William Grampp in his book Pricing the Priceless, identified what he called the "arts mentality," a subset of the "anti-capitalistic mentality." Grampp was referring to the notion that something as profound as art had no relation to something as tawdry as economic principles.
Well, as reported by the BBC this week, it turns out that the laws of economics apply to art museums as well as other goods. Ten years ago the British government decided to remove admission fees for Britain's national museums and, not surprisingly, attendance went up--way up. As stated by the BBC, "Almost 18 million people visited the 13 attractions in 2010-11, compared with 7 million in 2000-01."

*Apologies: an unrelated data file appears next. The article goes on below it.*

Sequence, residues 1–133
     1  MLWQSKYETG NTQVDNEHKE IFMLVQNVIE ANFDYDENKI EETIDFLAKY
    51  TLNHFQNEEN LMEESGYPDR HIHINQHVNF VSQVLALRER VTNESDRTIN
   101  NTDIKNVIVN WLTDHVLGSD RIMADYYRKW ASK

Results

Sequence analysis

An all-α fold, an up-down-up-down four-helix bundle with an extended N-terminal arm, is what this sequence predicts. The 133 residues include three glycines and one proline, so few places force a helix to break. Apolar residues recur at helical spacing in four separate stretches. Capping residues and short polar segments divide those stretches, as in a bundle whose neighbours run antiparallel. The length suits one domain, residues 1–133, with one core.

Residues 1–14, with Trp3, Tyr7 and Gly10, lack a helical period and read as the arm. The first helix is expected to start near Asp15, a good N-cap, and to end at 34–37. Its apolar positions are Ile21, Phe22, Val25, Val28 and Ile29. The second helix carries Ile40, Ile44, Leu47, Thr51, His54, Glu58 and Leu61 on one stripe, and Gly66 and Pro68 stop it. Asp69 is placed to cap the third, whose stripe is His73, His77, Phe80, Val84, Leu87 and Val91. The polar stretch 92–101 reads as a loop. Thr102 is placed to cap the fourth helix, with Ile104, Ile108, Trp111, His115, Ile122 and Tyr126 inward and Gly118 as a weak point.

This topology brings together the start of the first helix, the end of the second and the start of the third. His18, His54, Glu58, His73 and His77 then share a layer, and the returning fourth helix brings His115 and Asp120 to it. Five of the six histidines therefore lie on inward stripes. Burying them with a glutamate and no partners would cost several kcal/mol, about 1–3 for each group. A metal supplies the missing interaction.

This news item reminds me of a quip made by Sherwin Rosen after presenting a keynote address at the 9th International Congress on Cultural Economics. He was asked a question by a performing arts theater manager who was seeking advice about how to fill the theater. She described her problem of having empty seats in certain sections come performance time. His response was classic, "That's easy. Just lower the price."